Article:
10/11/2002 01:50 am ET
Williams shoulders blame for loss
By Jared Hoffman / MLB.com
ST. LOUIS -- The only person blaming Woody Williams for the Cardinals' 4-1 loss to the Giants in Game 2 of the NLCS was Woody Williams.
In many ways, Williams' start didn't look much different than most of his regular-season starts -- steady and efficient. But Thursday's effort was one to be appreciated even more than usual, considering Williams was starting his and the Cardinals' biggest game of the year on three weeks' rest.
The right-hander hadn't appeared in a game since Sept. 20 because of an injury to his left side that landed him on the DL twice during the season for a total of 12 weeks. This time the injury was not as severe, but Williams was scratched from a start against Arizona in the NLDS and left off the roster.
Despite the long layoff, Williams pitched six strong innings -- a major plus for a team with only four available bench players -- and limited the Giants to three runs on six hits and one walk while striking out seven. His only mistakes came on two pitches to Rich Aurilia.
Williams said his outing was pain free, but that did little to console him.
"I'm very happy I didn't have to come out of the ballgame," said Williams. "That's something that's happened way too many times this year. I'm not satisfied with pitching the way I did. I know anybody can make any excuse they want for me, but the bottom line is I lost and I put the team behind too early."
Williams was certainly his own toughest critic when it came to evaluating his Game 2 performance as his manager and members of the opposing team were impressed with what they saw.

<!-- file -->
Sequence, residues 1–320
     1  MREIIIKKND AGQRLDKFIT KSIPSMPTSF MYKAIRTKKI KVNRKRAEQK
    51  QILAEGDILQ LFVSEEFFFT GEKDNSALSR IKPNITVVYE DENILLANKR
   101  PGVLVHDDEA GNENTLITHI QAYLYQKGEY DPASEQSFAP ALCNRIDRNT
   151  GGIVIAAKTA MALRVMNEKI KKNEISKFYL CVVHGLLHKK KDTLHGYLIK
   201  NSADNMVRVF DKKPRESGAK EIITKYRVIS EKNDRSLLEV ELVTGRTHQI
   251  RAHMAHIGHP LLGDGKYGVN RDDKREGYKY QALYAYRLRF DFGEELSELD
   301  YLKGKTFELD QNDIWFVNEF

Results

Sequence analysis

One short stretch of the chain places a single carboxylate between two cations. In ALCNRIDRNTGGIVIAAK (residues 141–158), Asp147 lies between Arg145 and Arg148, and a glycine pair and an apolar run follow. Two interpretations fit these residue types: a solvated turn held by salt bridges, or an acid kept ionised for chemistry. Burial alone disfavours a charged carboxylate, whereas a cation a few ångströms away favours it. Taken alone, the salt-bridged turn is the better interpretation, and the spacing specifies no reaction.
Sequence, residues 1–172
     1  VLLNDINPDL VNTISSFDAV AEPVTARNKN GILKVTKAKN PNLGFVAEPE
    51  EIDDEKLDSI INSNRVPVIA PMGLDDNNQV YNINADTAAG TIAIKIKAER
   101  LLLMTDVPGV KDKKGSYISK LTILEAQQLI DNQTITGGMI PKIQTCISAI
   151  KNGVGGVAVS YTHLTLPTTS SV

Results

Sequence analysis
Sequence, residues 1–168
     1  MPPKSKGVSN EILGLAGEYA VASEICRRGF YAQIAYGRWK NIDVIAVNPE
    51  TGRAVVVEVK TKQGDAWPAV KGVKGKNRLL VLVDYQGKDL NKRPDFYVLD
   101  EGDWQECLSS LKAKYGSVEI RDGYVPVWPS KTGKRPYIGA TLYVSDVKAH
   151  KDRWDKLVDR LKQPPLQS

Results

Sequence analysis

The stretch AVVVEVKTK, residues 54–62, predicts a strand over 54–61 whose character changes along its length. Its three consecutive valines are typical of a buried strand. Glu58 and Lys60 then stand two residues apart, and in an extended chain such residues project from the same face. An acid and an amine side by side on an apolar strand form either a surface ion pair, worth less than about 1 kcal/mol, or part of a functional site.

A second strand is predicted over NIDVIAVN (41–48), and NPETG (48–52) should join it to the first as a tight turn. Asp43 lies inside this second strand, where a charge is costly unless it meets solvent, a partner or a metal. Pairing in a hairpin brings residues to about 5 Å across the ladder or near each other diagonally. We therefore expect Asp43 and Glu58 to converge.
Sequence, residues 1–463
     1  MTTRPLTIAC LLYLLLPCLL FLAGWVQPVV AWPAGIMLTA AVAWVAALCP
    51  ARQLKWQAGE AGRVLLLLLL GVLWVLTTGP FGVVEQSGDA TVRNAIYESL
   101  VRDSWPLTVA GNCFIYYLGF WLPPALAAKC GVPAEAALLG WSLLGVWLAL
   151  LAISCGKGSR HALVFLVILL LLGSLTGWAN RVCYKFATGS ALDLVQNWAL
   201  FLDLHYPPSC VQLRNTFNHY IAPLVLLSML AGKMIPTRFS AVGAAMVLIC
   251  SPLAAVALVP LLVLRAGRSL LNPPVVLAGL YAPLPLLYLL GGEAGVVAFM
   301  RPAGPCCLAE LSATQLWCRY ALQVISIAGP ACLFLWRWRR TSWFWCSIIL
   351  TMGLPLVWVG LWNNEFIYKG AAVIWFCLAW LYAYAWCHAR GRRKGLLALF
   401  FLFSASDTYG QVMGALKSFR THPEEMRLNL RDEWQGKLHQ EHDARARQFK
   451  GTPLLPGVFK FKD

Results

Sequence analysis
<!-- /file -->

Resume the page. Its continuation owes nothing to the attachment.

"It's incredible to me," said Tony La Russa. "How a guy can pitch that well, having the routine he's had, and it's the third time he's done it. Woody was just outstanding."
Giants first baseman J.T. Snow wasn't surprised Williams gave the Cardinals a quality performance despite the long layoff.
"He's a battler and gives you everything he's got," said Snow. "He's a guy who locates his pitches and keeps you off balance.
All three of the runs given up by Williams came off the bat of Aurilia, who homered twice to the same spot -- a few rows deep into the left-field bleachers. The first one was a solo shot in the first. The second was a two-run blast in the fifth that made a slim 1-0 deficit turn into a seemingly large 3-0 margin on a night where his counterpart, Jason Schmidt, was handcuffing the Cardinals.
"The first one was down and it wasn't on the corner by any means, but he went down and got it," said Williams of Aurilia's first-inning homer. "The second one, it wasn't that good of a pitch, but at the same time, I thought he hit it up in the air enough to stay in the ballpark. I was kind of surprised when it carried out."
Williams said with Schmidt throwing so well for the Giants he had to be at his best in Game 2, and he wasn't.
"I put a lot of pressure on myself and I think I do better when the pressure is on me. But I just flat-out got outpitched and tonight's my fault," said Williams. "It's not the hitters' fault. We had a chance to win at the end but giving up three runs in the first six innings didn't help."
By showing the Cardinals he is healthy enough to take the mound and be effective, Williams has shown he could still be a factor in this series. But for him to get another chance, it will likely be in Game 6.
That would be just fine with the Cardinals.
Jared Hoffman is an editorial producer for MLB.com. This story was not subject to the approval of Major League Baseball or its clubs.